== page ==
Wednesday, January 29, 2014

The Raw Numbers and How Hard It is to Change American Health Care

Everybody is America is soft, and hates conflict.  The cure for this, both in politics and society, is the same. Give them the raw truth.

John Jay Chapman (1862-1933),  Practical Agitation (1898)

President Barack Obama left no doubt Tuesday night what his Obamacare sales technique will be: loud voice, lots of confidence and no apologies.

Don’t dwell on the scratches on the hood. Just tell the customer how good it will feel to rev the engine and drive the car off the lot.

David Nather, "Despite Troubles, Obama Embraces Health Law, Politico, January 29, 2014

Yesterday I interviewed Jane Orient, MD, executive director of the 5000 member Association of American Physicians and Surgeons (AAPS). She said 3rd parties  pay for 85% of care. Yet  she advocates that physicians  chuck 3rd parties and rely exclusively on direct pay from patients.  

 Last night I listened to  President Obama’s State of the Union address, in which he begged Americans to sign up for his health law so that every American would have 3rd party coverage.

These two events got me to thinking about the raw numbers and why health reform is so difficult in America without 3rd parties.
Let’s look at these raw numbers.

There are, in round numbers.

·         315 million Americans
·         1 million physicians
·         5000 hospitals
·         500,000 physicians hospital employees
·         50 million Americans in Medicare
·         60 million Americans in Medicaid
       36 million AARP members, a prime source of Medicare supplemental plans
·         160 million Americans covered by private plans
·         A health industry spending $2.6 trillion annually
·         Total U.S. government spending $3.8 trillion
·         An economy of $16.6 trillion
·         A national debt of $17.3 trillion
·         A health insurance industry with revenue of $663 billion

       If I may paraphrase the late Senator Everett Dirksen of Illinois, "A trillion here, a trillion there, and pretty soon, we're talking about real money."

E    Each of these entities or sectors or phenomena,  whatever you wish to call them,  has its lobbies, champions, critics, and  entrenched interests.   Put them in a national  mixing container, shake them up, turn it upside down,  and what do you have  -  the raw truth  that although we have a mixed pluralistic system  it is also very ery hard to change, reform, or transform.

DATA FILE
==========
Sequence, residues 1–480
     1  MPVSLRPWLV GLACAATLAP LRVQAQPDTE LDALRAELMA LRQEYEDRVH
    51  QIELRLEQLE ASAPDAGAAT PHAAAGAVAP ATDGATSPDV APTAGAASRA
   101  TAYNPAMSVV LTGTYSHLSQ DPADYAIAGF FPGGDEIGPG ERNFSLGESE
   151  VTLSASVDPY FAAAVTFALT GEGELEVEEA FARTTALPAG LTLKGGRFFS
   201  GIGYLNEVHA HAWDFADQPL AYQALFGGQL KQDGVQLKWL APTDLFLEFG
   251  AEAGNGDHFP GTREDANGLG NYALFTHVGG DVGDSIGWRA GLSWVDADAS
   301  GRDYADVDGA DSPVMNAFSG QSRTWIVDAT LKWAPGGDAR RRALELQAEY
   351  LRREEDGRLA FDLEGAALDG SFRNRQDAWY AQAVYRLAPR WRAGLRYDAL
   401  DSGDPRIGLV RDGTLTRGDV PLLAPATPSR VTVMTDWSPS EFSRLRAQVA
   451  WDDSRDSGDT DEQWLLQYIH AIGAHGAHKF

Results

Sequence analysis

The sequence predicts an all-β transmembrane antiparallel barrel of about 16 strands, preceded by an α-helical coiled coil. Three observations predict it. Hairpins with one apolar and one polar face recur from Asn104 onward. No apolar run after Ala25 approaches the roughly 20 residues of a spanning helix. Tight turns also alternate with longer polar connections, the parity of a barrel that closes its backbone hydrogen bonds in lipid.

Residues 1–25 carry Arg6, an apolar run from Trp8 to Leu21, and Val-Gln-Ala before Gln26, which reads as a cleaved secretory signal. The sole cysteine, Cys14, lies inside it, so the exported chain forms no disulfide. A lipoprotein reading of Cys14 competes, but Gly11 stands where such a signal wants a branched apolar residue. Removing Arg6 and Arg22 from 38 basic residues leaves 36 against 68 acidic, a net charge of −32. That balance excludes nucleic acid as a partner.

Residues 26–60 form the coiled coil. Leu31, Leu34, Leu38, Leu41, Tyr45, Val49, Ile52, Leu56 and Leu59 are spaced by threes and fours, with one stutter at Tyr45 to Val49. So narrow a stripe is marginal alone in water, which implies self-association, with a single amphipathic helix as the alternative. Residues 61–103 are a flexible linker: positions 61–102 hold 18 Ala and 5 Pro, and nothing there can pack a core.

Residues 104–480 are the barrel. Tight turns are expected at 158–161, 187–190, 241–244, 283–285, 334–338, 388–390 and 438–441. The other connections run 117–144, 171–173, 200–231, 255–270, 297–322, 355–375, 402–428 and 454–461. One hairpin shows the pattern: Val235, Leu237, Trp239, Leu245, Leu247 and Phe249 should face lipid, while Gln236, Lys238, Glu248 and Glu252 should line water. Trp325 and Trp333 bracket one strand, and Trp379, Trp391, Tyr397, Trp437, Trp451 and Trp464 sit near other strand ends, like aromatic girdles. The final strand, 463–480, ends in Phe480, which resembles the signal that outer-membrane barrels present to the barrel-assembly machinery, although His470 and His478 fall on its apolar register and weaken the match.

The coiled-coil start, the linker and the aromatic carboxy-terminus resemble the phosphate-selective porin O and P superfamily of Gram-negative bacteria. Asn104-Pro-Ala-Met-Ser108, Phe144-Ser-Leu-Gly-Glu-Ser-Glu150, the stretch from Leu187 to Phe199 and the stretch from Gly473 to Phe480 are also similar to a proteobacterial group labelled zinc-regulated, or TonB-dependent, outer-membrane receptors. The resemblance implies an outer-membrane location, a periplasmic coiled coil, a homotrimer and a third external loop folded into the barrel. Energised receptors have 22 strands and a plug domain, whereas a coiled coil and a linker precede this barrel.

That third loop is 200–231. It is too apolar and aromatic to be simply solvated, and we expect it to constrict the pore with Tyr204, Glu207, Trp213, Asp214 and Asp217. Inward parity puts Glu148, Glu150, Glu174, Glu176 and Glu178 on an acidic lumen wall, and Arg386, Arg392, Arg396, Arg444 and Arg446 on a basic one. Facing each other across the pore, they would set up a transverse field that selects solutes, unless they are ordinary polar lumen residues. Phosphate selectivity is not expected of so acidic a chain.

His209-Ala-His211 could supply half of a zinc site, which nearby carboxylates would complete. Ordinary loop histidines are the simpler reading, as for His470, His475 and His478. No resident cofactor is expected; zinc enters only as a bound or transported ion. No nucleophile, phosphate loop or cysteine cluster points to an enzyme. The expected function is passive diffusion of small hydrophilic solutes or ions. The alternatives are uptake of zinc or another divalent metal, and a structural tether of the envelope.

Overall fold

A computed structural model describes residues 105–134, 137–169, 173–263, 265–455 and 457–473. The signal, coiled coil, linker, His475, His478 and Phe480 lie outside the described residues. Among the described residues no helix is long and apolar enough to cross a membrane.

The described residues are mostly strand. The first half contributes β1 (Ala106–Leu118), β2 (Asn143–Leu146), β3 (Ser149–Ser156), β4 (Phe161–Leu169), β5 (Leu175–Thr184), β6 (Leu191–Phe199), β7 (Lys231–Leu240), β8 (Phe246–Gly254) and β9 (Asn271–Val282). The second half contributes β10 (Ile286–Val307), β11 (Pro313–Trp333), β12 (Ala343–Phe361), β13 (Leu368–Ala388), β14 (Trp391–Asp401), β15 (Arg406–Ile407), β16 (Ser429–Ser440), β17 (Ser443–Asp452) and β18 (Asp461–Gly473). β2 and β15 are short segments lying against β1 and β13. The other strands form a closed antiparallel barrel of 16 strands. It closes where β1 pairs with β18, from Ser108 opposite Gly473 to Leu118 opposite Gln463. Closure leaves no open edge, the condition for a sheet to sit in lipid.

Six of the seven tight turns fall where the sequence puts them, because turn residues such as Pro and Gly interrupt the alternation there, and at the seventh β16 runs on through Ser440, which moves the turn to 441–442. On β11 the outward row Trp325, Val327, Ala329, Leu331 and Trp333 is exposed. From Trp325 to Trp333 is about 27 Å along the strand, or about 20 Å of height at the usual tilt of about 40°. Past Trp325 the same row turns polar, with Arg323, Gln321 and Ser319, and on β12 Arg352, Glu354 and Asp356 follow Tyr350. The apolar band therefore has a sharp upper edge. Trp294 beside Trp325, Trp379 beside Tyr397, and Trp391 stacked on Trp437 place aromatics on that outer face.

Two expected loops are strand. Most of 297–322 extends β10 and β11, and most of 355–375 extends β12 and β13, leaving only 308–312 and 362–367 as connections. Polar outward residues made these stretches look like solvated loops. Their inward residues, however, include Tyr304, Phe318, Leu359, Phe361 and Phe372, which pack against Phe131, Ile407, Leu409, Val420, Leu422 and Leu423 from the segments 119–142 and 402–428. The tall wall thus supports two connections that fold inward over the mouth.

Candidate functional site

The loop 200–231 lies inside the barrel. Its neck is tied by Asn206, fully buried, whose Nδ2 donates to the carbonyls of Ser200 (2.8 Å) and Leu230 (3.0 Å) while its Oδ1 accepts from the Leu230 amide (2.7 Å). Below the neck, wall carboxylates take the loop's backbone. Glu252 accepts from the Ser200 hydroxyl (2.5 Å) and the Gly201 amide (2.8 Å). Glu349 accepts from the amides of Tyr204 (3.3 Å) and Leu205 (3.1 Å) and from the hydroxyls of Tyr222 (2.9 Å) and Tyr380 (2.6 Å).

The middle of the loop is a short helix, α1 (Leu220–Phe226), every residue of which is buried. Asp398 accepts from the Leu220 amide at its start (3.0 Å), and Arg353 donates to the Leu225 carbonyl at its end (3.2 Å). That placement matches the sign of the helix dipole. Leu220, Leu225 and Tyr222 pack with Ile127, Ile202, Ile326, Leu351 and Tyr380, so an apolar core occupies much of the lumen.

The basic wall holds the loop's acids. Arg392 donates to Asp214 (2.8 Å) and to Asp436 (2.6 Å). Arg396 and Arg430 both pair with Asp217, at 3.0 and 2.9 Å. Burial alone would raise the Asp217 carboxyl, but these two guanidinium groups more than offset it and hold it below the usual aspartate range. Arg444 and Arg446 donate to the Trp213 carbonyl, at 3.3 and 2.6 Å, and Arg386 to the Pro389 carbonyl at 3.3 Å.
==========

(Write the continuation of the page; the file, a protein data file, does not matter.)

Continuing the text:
I thought of the raw truth and the raw numbers as I contemplated what I should say in a talk I’m scheduled to give before the Association of American Physicians and Surgeons (AAPS)/   This is a very conservative group that considers ObamaCare  an obamanation, if you’ll pardon an abominable pun.    AAPS wants a strictly one-on-one relationship between patient and doctor with patients paying doctors directly.  It calls this direct pay medicine. 

Direct pay doctors are a fringe phenomenon, representing 1 of 2000 doctors,  yet they may be emblematic of a larger change – two tier medicine.  In two tier medicine,  the government is one tier. It provides care for the basic necessities.  It is often characterized by less than optimal care with long waiting lines and restricted or rationed services for those who cannot afford to pay.    

The second tier, provided by the private sector,  provides additional care with better care faster access, and more time with physicians  for those able to pay.
John C. Goodman, a conservative economist who considers himself the father of health savings accounts, encourages patients to shop for care and to pay for routine services out of  pocket, describes the situations of patients in these two tiers: